A few weeks ago, I described my processes for creating Partial NPCs, a methodology that determined how much NPC definition was needed for that NPCs role in an adventure, in Creating Partial NPCs To Speed Game Prep. This was described as essential know-how for the article that I was originally going to write and publish […]
Archive for the ‘Rules & Mechanics’ Category
How do you GM when you have more players than you can handle?
There’s a debate that has been fought ever since man invented games that have an element of chance has been, “Is it better to be lucky or skilled?” It’s a debate that has a number of unique resonances within the sphere of an RPG. How should a player or GM simulate a character who relies […]
I’ve been thinking about some very basic HQ construction rules for use in Superhero campaigns, Pulp Campaigns, etc, for quite some time now, after a number of earlier attempts failed because they got too complicated. At last, I think I’ve solved the major issues… As I’ve mentioned before, Hero Games have very specific, but reasonably […]
I’ve been desperately trying to clear enough time to attempt to get my main computer back up and running. It occurred to me the other day that there is a clear analogy between that process and the process of creating an RPG campaign. The Computer Of Today: some context Personal Computers are everywhere – or, […]
How does Magic (in general) work? I’m not talking about how the rules work, but how Magic works within the game world. Why raise the question now? I should probably pause for a moment to explain why I’m writing about this now – in the middle of a major series about Modern Priests. There are […]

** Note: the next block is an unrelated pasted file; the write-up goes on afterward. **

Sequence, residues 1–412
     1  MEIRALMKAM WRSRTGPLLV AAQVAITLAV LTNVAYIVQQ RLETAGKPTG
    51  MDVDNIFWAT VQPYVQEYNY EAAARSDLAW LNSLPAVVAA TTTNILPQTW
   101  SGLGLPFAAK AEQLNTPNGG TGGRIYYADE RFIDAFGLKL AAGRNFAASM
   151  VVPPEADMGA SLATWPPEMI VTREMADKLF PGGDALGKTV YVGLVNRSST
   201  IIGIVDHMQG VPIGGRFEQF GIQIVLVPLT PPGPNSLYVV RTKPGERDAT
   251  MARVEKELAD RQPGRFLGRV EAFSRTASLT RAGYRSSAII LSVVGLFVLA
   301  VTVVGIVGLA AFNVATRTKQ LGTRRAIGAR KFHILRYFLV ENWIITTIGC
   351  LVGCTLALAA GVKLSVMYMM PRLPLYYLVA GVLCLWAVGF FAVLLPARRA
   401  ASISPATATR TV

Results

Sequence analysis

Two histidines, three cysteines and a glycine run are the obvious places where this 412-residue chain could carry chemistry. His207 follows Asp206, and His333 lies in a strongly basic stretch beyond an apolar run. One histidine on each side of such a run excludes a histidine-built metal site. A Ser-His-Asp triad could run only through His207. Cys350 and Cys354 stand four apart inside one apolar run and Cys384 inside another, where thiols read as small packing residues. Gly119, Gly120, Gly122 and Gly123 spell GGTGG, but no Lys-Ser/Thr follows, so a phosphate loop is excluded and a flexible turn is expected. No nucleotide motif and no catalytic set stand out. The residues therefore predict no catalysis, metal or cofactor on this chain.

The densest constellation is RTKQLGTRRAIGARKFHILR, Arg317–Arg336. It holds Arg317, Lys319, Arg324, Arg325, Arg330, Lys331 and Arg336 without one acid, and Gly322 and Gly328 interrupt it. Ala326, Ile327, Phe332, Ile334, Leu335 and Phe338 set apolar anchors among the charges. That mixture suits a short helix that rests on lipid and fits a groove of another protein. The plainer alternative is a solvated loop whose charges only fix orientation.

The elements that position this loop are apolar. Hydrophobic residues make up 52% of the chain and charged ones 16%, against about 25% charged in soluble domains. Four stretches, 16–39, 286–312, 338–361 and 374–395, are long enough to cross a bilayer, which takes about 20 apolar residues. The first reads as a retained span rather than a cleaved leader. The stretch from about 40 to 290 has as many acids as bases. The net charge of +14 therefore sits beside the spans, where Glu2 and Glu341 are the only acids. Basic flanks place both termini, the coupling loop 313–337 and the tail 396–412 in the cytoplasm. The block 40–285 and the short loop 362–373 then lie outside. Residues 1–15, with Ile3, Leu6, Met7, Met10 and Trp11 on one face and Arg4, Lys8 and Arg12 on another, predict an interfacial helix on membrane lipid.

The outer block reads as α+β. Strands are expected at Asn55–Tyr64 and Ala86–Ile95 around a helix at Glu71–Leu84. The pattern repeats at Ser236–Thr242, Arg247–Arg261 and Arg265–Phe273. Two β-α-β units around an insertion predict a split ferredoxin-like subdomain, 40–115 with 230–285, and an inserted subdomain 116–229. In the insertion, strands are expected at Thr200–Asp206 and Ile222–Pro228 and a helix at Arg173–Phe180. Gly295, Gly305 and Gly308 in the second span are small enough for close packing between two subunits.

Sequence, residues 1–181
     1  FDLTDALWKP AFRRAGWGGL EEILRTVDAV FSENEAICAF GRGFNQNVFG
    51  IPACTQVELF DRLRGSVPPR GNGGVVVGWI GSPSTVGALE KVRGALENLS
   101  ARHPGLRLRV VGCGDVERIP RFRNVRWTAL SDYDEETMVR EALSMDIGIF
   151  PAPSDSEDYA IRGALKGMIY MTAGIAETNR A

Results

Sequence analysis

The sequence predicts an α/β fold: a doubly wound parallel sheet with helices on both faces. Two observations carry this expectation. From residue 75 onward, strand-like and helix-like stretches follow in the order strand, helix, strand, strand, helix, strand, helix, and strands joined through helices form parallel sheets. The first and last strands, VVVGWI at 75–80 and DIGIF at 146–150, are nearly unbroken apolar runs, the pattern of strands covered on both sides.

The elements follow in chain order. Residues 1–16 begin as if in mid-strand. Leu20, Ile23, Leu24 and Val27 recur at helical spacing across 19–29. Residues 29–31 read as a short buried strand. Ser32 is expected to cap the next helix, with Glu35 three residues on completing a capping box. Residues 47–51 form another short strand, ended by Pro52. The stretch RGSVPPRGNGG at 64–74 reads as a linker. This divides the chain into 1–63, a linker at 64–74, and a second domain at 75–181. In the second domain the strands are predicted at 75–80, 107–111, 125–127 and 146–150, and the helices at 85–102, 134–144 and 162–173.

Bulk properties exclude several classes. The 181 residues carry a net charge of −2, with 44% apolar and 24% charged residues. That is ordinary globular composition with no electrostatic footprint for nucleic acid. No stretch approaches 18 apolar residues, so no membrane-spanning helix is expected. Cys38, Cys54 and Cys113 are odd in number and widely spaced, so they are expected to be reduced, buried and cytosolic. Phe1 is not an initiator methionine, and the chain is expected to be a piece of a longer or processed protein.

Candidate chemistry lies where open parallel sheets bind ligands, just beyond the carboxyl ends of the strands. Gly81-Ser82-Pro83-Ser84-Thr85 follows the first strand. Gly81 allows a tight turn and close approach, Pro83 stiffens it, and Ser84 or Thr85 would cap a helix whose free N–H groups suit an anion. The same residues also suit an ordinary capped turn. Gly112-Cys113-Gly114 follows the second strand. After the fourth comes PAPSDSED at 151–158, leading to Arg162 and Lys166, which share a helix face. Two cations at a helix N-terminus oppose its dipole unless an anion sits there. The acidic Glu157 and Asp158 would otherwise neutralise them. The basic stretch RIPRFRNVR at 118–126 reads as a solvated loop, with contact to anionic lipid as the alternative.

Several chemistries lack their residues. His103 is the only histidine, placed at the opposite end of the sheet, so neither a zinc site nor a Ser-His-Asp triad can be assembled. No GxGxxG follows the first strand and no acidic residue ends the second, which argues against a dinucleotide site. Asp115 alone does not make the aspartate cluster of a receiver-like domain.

How do you tell a good House Rule from a Bad? I know, I promised something short. As long-time readers will know, I don’t do “short” very well… “Time and motion studies” used to be the favorite tool of “efficiency” experts who optimized a process for speed. They quickly became the butts of a lot […]
The second of 9 parts in the series looks at STR checks and how they relate to the other core stats that are common to most game systems – with some surprises along the way.
This nine-part series looks at opposed stat checks and what they can represent. Part 8 will create a new characterization tool, The Stat Matrix, based on the interactions described, and show how to use it to turn stats into characters, and Part 9 will warp up the series by turning that process on its head and demonstrate a way to use the Stat Matrix to turn a personality into a set of stats for a character.
This entry is part 8 in the series Lessons From The West Wing “Lessons From The West Wing” is a series of occasional articles inspired by the Television Series. I’ve had this article sitting around in partially completed form for a couple of years now, waiting for the right example with which to illustrate the […]
Our special effects gurus get better all the time, and at the same time, their product becomes more affordable with improving technology, making it more ubiquitous in entertainments. I first wrote about the impact of this phenomenon back in 2009, when I asked Are Special Effects Killing Hollywood?, a question which shed a new light […]
This entry is part 3 in the series Creating ecology-based random encounters In this concluding part of my series on encounter tables, I look at Urban Settings, Dungeon settings, and talk about ways of integrating Wandering Monster encounters into plotlines and infusing them with meaning. And I might throw in the occasional new idea in […]